What Went Wrong?

Of the legitimate reasons for optimism, No. 1 is this : Iowa State's offense will be much better. Count the weapons, and there are as many as Paul Rhoads has ever had in Ames

It's 34 degrees here in Ames on this unusually warm Thursday in mid-December. Snow's been on the ground for a few weeks, and more is coming, but right now it feels like springtime.

That has nothing to do with the weather, but rather a sense of hope wafting out of the Bergstrom Football Complex. Memories of a 3-9 season have been swept away. The staff is back from its two-weeks-long winter recruiting period, from California to Florida, which saw the Cyclones pick up five verbal commitments (and two more if you count yesterday's batch, delivered on the first day of the dead period).

The Cyclones could be staring down a tough 2014 — the schedule is harsh — or they could be primed for a rebound. We won't know for some time. Of the legitimate reasons for optimism, No. 1 is this : Iowa State's offense will be much better. Count the weapons, and there are as many as Paul Rhoads has ever had in Ames.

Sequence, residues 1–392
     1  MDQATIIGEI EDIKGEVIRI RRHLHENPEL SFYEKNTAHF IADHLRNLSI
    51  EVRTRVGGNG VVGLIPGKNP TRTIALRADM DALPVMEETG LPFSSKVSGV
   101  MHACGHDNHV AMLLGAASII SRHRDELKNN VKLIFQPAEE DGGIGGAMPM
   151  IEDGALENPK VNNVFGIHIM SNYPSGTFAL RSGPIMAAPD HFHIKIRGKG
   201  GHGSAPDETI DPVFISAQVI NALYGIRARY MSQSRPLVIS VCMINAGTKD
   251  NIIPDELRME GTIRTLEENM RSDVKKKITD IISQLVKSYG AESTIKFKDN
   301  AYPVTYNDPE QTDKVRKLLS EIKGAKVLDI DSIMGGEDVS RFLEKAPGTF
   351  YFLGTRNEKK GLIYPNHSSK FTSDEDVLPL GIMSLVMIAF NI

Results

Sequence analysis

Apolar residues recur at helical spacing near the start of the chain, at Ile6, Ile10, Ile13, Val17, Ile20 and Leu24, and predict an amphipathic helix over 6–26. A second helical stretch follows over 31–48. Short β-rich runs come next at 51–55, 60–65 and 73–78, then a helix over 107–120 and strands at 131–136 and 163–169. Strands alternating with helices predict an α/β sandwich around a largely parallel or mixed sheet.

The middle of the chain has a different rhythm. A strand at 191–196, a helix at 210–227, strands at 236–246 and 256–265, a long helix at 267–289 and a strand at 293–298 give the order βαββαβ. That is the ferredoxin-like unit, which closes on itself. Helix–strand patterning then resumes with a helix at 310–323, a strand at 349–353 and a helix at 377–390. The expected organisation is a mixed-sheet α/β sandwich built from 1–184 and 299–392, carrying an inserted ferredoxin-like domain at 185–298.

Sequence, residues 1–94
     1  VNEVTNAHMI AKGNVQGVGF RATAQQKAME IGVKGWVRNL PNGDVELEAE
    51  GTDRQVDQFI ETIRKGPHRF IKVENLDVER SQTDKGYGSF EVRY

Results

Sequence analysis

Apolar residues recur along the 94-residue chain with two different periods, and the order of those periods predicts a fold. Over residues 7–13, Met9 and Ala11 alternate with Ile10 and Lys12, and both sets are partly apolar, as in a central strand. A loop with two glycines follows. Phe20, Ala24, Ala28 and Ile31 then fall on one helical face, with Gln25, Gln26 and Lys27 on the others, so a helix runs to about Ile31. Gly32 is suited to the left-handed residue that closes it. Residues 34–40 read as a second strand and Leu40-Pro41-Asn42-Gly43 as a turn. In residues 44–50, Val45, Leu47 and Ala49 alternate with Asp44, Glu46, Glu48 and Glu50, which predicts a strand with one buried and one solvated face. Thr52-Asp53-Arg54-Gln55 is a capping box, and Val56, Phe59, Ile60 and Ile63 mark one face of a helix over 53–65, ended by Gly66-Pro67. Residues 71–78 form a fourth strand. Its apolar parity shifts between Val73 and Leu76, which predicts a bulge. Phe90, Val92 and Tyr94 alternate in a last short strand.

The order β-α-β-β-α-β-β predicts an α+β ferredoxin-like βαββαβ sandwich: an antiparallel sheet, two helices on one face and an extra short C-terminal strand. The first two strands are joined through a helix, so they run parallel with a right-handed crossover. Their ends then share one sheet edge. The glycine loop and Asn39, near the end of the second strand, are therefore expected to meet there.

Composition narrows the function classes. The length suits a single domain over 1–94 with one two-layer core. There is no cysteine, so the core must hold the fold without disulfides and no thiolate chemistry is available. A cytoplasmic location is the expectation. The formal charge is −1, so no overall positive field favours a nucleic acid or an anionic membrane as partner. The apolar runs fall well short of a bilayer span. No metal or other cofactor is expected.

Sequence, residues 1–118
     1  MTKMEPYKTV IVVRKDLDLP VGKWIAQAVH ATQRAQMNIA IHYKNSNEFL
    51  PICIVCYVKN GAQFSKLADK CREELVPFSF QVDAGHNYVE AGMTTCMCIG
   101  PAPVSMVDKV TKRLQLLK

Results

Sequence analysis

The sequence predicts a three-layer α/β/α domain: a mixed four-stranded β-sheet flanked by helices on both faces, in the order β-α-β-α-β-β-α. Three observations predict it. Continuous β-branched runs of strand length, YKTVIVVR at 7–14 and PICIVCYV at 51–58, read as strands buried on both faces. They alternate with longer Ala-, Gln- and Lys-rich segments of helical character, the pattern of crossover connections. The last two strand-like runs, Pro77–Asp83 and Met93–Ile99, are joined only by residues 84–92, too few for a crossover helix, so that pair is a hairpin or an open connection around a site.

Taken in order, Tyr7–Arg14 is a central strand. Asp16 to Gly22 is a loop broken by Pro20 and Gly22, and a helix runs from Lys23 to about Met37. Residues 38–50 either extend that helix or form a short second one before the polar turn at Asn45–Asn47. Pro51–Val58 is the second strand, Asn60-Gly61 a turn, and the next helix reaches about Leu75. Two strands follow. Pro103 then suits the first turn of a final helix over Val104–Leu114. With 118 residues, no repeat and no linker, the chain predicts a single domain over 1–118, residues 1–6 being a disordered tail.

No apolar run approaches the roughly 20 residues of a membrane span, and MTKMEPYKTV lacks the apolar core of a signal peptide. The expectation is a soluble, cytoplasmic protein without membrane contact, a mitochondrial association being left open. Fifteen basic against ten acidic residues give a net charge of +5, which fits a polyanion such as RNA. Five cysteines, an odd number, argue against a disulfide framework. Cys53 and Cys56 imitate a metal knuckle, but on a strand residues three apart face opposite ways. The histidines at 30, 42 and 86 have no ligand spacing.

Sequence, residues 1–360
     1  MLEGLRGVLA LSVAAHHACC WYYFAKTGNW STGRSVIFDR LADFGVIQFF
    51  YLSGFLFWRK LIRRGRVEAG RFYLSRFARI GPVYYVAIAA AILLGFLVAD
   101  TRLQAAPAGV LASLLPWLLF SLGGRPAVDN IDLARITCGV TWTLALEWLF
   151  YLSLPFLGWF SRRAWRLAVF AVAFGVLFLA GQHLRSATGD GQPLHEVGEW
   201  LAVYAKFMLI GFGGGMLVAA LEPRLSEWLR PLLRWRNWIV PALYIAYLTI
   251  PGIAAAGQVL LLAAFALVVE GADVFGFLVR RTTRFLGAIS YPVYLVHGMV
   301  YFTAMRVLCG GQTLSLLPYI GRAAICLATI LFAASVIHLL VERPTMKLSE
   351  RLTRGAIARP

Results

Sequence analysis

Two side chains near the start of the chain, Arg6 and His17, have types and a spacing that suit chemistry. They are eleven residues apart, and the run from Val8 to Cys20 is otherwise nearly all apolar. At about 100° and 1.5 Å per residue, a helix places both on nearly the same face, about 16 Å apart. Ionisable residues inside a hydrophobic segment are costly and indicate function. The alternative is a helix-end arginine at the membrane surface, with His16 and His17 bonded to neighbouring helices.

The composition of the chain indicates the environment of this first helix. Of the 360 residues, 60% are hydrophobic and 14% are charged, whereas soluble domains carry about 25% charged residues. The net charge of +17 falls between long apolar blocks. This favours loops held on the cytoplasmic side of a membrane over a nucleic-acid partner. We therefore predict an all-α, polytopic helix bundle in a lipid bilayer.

I said on KXNO last week that Iowa State's offense should have been better than it was in 2013. The Cyclones averaged 25 points per game; only 33 FBS teams scored less. I held that sentiment throughout the season, an outsider dispatched to Ames to cover what I thought would be an intriguing offensive unit. Each week I waited for an outburst, and there were glimpses.

From the very first time I saw Quenton Bundrage, against Iowa, I knew the Cyclones had one of the best receivers in the conference. Aaron Wimberly and DeVondrick Nealy, clearly, should have received more touches earlier in the season. E.J. Bibbs passed the eyeball test. A healthy and confident Sam Richardson, most of the beat writers agreed, is a top 5 quarterback in the Big 12. Grant Rohach closed the season out well.